The MP for Uxbridge and South Ruislip having seen his majority halved at the last general election might feel his helium balloon losing altitude. It’s difficult to know. His constituents voted Remain in the EU referendum – only five London boroughs voted Brexit – a sticky wicket? Remainer Amber Rudd was made to sweat retaining the Hastings and Rye seat, which voted for Brexit, by the thinnest of margins; the full recount must have felt like sitting in a dentist’s chair while a large syringe torments your every sense.

    As for the EU’s concerns about the UK’s basket cases:
    (Adapted – Centre for European Reform)
    1. The EU is adamant the UK cannot ‘cherry-pick’. A country outside the EU e.g. Norway, that wants to be in the single market, must meet the conditions of the European Economic Area.
    2. Angela Merkel and others see the British proposals as heading towards a Swiss-style model (which the EU doesn’t like). The Swiss have partial membership of the single market, but the EU’s ability to enforce its rules in the Swiss courts is curtailed.
    3. How do the 27 members of the EU, who have differing interests and economic strengths, forge a common view.
    4. There are concerns that the UK will find clever ways of gaining a competitive advantage over its EU partners by undermining the single market’s standards.
    5. Germany is concerned about the consequences of a deal that allow the UK to enjoy partial membership of the single market, encouraging others to seek a British-style deal on the same terms if the UK is successful post-Brexit.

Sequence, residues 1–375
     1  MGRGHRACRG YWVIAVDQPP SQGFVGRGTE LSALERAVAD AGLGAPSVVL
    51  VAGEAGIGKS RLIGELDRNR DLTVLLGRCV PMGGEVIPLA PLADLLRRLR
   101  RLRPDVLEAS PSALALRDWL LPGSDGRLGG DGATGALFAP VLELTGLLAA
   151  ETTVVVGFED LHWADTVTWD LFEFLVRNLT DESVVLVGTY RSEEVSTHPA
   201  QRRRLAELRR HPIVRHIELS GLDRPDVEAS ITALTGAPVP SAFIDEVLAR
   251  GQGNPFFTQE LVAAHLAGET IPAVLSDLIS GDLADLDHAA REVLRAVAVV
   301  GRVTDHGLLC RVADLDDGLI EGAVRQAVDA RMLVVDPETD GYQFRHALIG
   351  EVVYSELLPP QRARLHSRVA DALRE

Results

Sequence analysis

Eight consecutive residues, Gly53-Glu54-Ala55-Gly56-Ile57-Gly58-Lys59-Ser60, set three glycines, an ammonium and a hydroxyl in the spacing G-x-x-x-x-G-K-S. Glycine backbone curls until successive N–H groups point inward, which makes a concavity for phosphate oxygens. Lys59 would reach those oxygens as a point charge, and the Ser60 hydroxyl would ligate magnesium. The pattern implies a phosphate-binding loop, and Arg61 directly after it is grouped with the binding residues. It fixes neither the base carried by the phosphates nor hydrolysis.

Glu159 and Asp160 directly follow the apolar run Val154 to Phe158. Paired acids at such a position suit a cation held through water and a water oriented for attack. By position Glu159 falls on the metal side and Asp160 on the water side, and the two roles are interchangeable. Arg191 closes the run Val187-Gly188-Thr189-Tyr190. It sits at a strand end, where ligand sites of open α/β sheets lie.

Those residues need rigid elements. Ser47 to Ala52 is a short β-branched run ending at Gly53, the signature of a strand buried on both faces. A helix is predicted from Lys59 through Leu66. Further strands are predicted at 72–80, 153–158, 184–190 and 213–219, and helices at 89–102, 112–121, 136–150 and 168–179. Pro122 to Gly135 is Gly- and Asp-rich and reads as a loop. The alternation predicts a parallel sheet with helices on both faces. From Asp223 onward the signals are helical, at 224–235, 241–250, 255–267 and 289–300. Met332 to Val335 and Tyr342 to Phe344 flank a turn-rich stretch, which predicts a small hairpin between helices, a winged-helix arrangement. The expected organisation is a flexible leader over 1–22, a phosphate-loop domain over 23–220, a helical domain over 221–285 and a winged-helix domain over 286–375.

As for the fish, move over Michel Gove, no-one says it quite like Boris: “fish are friends not food.” Hmm. He later went on to say “leaving the union would allow Britain to set its own fishing quotas, rather than allowing Brussels to set the limits.” Not exactly; the EU rolls its collective eyes.

    Some ominous words from Rees-Mogg in Petersfield, January 25th 2018:
    “They [the British public] voted for hope and opportunity and politicians must now deliver it.

    “If we do not, if we are timid and cowering and terrified of the future, then our children and theirs will judge us in the balance and find us wanting.”

    “The UK’s approach to the EU talks has failed and must stop doing so”

    Perhaps May is feeling a bit like Bilbo Baggins, who once said:
    “I know I don’t look it but I’m beginning to feel it in my heart. I feel thin… sort of stretched, like butter scraped over too much bread.” Nigel Farage, in his usual combative mode, tweeted: “Trump superb at Davos. If only we had a leader that could inspire confidence.”
    tweeted: “Trump superb at Davos. If only we had a leader that could inspire confidence.”